Nine international and Iranian human rights organizations, together with Iranian Nobel Peace laureate Shirin Ebadi, have expressed grave concern over the new Iranian bill aimed at controlling non-government organizations.
Amnesty International, Arseh Sevom, Education International, Hivos, Human Rights Watch, the International Federation for Human Rights (FIDH), the Committee for the Prevention of Torture, FIDH’s joint project for monitoring human rights defenders and the International Campaign for Human Rights in Iran have jointly announced that passage of the new bill will have adverse effects on independent civil organizations in Iran.
These human rights organizations are urging Iranian MPs to stop the bill from passing into law.
The nine human rights groups say the bill violates international provisions for freedom of association and assembly, which are part of Iran’s international commitments. They say the bill aims to destroy civil society in Iran.
The new bill, which is called “the establishment and supervision of activities of non-governmental organizations” is in its last stages of parliamentary approval.
The main articles of this bill have already been passed by MPs despite serious protests by Iranian NGOs.
The bill will affect numerous NGOs including women’s and human rights organizations as well as environmental groups and professional guilds. The bill proposes to create a “Supreme Board of Supervision over Activities of NGOs” which would monitor and regulate the independent groups. The board is to be comprised of representatives from the judiciary, the intelligence and foreign ministries as well as the Mosque Affairs and Endowment Organization, the Basij, the Revolutionary Guards and Security Forces. The board will also be in charge of distributing funds among the NGOs.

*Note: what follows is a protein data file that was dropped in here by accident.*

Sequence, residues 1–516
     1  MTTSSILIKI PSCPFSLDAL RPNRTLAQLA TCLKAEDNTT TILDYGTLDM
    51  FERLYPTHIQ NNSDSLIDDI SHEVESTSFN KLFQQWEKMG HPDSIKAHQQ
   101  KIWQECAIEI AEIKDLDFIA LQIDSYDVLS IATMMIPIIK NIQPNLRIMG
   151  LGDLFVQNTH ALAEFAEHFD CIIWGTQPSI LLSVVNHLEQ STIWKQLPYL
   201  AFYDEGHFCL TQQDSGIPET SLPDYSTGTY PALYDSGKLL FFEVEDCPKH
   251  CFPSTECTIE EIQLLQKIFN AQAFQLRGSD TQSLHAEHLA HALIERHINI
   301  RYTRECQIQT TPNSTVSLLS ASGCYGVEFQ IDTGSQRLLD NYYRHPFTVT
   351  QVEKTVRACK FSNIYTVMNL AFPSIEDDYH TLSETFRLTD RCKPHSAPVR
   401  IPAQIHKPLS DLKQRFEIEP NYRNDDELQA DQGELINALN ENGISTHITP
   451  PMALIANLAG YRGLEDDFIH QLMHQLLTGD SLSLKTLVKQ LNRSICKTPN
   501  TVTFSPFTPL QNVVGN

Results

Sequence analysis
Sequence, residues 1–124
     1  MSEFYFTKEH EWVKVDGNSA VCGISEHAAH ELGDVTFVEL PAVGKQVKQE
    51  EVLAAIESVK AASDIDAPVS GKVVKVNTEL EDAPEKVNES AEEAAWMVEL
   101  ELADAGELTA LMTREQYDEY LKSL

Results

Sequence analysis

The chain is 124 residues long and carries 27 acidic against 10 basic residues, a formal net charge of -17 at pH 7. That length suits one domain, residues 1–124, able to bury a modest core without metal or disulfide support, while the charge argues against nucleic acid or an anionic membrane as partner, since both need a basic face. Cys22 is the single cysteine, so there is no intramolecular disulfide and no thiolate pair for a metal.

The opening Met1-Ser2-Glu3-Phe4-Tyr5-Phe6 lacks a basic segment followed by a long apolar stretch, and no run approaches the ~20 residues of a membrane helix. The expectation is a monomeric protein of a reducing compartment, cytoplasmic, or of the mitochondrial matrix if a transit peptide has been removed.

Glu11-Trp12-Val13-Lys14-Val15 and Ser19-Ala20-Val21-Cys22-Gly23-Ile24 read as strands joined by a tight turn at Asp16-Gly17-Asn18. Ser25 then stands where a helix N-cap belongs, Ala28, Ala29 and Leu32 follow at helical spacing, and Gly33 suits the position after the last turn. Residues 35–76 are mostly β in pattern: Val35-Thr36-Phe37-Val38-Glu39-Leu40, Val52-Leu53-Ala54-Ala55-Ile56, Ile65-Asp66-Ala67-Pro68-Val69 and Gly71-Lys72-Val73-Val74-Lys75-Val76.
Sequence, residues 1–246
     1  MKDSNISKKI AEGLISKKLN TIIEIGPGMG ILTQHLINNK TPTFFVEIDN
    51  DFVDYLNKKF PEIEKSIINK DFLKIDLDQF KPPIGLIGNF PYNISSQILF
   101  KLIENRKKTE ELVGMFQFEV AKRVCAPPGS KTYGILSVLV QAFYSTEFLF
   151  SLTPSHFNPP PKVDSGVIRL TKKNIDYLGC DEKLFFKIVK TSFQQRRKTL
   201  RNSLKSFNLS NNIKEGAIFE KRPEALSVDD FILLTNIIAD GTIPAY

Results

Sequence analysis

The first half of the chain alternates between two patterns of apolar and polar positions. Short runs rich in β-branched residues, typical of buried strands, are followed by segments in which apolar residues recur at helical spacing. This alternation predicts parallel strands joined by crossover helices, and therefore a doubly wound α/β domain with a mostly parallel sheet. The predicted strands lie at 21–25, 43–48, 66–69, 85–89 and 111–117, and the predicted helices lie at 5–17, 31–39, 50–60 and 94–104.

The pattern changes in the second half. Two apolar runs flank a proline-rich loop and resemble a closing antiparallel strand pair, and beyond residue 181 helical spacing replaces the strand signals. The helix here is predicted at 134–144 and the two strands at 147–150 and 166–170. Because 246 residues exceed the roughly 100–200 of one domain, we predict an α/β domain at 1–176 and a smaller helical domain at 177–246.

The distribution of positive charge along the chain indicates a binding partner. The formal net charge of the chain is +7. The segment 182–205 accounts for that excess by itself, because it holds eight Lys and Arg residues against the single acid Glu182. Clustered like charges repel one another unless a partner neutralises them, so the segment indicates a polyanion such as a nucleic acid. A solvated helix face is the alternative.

Most recently, Parliament passed Article 12 of the bill, which dictates that NGOs can only stage “non-political” demonstrations, and even then, only if the Supervisory Board issues a permit.
Shirin Ebadi said: “Contrary to Article 26 of the Iranian constitution, which permits the establishment of associations, we see government oppression of NGOs that are engaged in human rights activities.”
The new bill also proposes limiting Iranian NGOs in their international affiliations with other groups, subjecting them to permits from the proposed supervisory board.
Education International General Secretary Fred van Leeuwen said: “Obligatory permits for international connections will weaken the rightful ability of professional organizations such as the Teacher’s Association to join international organizations such as Education International.”
He added that the bill will let the ministry of interior interfere in the internal affairs of professional organizations and their affiliations with international bodies.
The nine human rights organizations maintain that the new bill threatens the activities and existence of all human rights and civil activists in Iran.